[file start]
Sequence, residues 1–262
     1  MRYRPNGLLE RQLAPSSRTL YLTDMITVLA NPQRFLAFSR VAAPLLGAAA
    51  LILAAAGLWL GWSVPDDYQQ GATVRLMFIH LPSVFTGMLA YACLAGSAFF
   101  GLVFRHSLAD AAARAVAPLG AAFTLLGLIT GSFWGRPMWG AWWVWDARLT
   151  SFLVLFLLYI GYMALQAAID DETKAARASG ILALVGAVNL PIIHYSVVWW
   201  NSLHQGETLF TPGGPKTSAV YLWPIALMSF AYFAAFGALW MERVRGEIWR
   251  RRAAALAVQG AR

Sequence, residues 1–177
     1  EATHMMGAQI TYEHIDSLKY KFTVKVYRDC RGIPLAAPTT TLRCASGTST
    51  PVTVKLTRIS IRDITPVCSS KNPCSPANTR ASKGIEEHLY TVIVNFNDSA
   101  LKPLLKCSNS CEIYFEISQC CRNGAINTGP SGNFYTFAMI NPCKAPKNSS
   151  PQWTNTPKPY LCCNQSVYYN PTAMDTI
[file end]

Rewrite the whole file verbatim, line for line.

Sequence, residues 1–262
     1  MRYRPNGLLE RQLAPSSRTL YLTDMITVLA NPQRFLAFSR VAAPLLGAAA
    51  LILAAAGLWL GWSVPDDYQQ GATVRLMFIH LPSVFTGMLA YACLAGSAFF
   101  GLVFRHSLAD AAARAVAPLG AAFTLLGLIT GSFWGRPMWG AWWVWDARLT
   151  SFLVLFLLYI GYMALQAAID DETKAARASG ILALVGAVNL PIIHYSVVWW
   201  NSLHQGETLF TPGGPKTSAV YLWPIALMSF AYFAAFGALW MERVRGEIWR
   251  RRAAALAVQG AR

Sequence, residues 1–177
     1  EATHMMGAQI TYEHIDSLKY KFTVKVYRDC RGIPLAAPTT TLRCASGTST
    51  PVTVKLTRIS IRDITPVCSS KNPCSPANTR ASKGIEEHLY TVIVNFNDSA
   101  LKPLLKCSNS CEIYFEISQC CRNGAINTGP SGNFYTFAMI NPCKAPKNSS
   151  PQWTNTPKPY LCCNQSVYYN PTAMDTI